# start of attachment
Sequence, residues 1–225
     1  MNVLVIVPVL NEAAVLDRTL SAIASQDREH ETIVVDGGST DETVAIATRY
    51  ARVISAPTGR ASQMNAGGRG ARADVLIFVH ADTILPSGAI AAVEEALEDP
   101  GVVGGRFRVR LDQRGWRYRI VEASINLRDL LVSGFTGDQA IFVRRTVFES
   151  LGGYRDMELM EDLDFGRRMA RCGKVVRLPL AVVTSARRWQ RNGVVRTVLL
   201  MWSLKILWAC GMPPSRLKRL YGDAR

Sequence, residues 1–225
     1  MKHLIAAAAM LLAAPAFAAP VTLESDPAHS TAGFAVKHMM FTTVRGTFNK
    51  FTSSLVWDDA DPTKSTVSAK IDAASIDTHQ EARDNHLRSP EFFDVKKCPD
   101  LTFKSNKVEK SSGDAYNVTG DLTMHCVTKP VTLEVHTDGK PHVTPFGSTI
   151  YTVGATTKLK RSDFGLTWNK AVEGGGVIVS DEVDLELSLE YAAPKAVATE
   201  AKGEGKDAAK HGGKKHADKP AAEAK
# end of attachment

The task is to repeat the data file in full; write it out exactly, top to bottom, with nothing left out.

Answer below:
Sequence, residues 1–225
     1  MNVLVIVPVL NEAAVLDRTL SAIASQDREH ETIVVDGGST DETVAIATRY
    51  ARVISAPTGR ASQMNAGGRG ARADVLIFVH ADTILPSGAI AAVEEALEDP
   101  GVVGGRFRVR LDQRGWRYRI VEASINLRDL LVSGFTGDQA IFVRRTVFES
   151  LGGYRDMELM EDLDFGRRMA RCGKVVRLPL AVVTSARRWQ RNGVVRTVLL
   201  MWSLKILWAC GMPPSRLKRL YGDAR

Sequence, residues 1–225
     1  MKHLIAAAAM LLAAPAFAAP VTLESDPAHS TAGFAVKHMM FTTVRGTFNK
    51  FTSSLVWDDA DPTKSTVSAK IDAASIDTHQ EARDNHLRSP EFFDVKKCPD
   101  LTFKSNKVEK SSGDAYNVTG DLTMHCVTKP VTLEVHTDGK PHVTPFGSTI
   151  YTVGATTKLK RSDFGLTWNK AVEGGGVIVS DEVDLELSLE YAAPKAVATE
   201  AKGEGKDAAK HGGKKHADKP AAEAK